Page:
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Luxury residential prices in greater China and Singapore have reached peak, analysts claim

The Residential Index from Jones Lang LaSalle indicates that price growth has slowed steadily from the 7.4% quarter on quarter increase recorded in the third quarter of 2009, but this was the first time that average prices have declined since the first quarter of 2009.
Sales activity cooled further in the third quarter of 2011, with fewer launches and sales recorded in most markets as a result of economic uncertainties and ongoing tightening measures by some governments.
Of the eight featured luxury residential markets, only Jakarta and Mumbai saw an increase in capital values during the quarter, while prices remained stable Singapore, Bangkok and Kuala Lumpur and declined across the three Tier I cities in Greater China, namely Hong Kong, Beijing and Shanghai.

Luxury residential prices in Hong Kong edged down marginally by 0.6% quarter on quarter after growing 7.3% in the second quarter and this was due to tighter credit and weakening investor sentiment.

But in the twelve months to the end of the third quarter 2011, Hong Kong still delivered the strongest price performance among the monitored markets, with growth of around 23%. Average prices in Singapore’s luxury prime market remained stable for the fifth consecutive quarter despite slight rental correction. With mortgage and purchase restrictions remaining in place and falling sales volumes in the China Tier I markets, capital values for luxury apartments in Shanghai fell by 0.9%quarter on quarter , while average prices in Beijing fell by 3.4% quarter on quarter.

Jones Lang LaSalle believes that prices in Greater China and Singapore are likely to have reached the peak of the current cycle. Prices in China are expected to soften further over the next 12 months as developers are likely introduce more price discounts and launch less high priced units in the near term.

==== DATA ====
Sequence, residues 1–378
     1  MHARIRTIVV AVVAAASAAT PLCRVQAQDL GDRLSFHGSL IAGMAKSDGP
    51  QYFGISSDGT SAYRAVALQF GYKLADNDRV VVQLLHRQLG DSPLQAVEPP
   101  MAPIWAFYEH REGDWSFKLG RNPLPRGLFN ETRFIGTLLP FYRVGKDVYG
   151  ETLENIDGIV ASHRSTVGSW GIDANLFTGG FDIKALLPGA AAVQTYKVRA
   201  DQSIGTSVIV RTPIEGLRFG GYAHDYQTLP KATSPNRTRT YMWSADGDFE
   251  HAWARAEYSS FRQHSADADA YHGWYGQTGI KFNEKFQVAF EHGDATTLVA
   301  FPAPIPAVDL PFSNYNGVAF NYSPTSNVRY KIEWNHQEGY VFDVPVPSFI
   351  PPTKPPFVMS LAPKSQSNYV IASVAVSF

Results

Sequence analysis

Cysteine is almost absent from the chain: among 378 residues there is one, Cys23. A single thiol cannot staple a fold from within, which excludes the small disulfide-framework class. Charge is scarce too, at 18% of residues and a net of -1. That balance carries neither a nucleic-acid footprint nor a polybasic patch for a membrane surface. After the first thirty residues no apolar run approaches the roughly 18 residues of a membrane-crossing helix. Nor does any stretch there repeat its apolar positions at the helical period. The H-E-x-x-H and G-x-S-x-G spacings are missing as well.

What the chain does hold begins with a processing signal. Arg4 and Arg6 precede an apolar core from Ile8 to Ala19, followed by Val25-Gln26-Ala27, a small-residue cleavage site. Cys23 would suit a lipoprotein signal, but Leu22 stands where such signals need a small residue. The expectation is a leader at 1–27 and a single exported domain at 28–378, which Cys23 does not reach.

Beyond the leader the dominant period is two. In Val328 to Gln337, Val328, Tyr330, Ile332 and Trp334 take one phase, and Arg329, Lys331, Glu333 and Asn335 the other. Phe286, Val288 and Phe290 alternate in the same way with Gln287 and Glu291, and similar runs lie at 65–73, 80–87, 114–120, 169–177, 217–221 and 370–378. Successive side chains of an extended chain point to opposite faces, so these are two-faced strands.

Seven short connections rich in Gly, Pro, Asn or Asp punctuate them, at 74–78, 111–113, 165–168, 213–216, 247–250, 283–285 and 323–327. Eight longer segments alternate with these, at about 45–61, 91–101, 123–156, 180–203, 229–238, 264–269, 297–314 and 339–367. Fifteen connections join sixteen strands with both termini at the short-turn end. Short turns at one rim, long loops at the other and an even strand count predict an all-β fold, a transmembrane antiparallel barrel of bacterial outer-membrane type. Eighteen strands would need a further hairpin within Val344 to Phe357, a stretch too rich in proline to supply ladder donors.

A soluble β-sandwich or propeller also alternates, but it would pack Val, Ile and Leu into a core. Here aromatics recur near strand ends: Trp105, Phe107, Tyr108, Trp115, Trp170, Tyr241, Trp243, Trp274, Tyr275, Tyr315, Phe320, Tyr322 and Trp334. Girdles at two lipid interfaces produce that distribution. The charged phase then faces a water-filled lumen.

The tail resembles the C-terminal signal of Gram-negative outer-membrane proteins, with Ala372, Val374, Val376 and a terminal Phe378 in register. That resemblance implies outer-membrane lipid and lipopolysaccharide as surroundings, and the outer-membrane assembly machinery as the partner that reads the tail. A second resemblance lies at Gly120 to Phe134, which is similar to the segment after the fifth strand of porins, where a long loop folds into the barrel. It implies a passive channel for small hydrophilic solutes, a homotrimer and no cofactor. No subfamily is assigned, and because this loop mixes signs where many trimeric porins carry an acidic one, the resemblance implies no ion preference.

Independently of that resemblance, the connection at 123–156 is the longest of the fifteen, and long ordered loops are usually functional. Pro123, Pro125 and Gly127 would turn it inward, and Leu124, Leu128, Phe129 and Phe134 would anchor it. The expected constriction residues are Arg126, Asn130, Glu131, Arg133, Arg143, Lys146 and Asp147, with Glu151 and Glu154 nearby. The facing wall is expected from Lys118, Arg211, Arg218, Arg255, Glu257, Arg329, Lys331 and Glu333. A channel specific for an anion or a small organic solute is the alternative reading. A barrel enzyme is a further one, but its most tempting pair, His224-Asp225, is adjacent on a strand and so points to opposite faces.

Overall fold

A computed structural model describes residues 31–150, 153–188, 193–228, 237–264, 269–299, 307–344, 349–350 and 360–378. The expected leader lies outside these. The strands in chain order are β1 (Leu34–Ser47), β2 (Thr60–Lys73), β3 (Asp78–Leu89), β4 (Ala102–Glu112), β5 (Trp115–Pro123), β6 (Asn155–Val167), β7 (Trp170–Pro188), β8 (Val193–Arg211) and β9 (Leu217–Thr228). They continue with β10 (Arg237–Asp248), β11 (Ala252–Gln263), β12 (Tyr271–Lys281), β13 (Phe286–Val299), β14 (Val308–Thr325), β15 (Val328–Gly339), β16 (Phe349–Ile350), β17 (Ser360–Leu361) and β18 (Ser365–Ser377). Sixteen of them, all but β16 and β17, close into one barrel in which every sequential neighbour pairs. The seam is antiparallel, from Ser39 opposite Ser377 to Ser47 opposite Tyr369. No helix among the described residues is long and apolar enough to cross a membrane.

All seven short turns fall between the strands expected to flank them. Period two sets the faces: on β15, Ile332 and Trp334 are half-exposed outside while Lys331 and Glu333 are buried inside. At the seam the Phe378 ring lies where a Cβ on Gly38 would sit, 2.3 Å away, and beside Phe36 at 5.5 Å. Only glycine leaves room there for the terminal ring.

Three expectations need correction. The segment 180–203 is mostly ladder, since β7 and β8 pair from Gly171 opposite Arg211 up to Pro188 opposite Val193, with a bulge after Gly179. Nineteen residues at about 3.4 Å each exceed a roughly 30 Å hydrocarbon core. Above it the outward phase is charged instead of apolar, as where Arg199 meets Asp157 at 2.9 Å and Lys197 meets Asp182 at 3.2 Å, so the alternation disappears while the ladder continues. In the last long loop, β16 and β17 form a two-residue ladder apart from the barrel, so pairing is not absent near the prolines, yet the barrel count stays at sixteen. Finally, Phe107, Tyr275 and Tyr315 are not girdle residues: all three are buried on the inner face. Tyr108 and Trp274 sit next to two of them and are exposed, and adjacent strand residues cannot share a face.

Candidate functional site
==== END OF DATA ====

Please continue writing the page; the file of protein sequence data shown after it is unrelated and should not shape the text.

Prices in Hong Kong and Singapore are also expected to soften over the rest of 2011 and in 2012, partly as a result of projected rental correction as well as weaker investor sentiment. However, South East Asian markets are expected to be more resilient, with overseas workers’ remittances buoying buying demand in Manila, while the Jakarta sales market should be supported by a strong economy.

‘Though sales volume has slackened in the past months, we expect prices to remain stable as on the back of strong fundamentals. Nevertheless, with every global crisis, there will be uncertainties and uncertainties create opportunities. Foreign investors looking for a safe haven to retain wealth will continue to consider Singapore as an attractive and reliable proposition,’ said David Neubronner, head of Residential Project Sales at Jones Lang LaSalle Singapore.

‘Continued strong consumer demand and a buoyant resources sector is fuelling continued growth in Indonesia. Values are rising in spite of economic uncertainly elsewhere. We predict a buoyant luxury residential market for the medium term,’ said Luke Rowe, head of Project Marketing (Residential) at Jones Lang LaSalle Indonesia.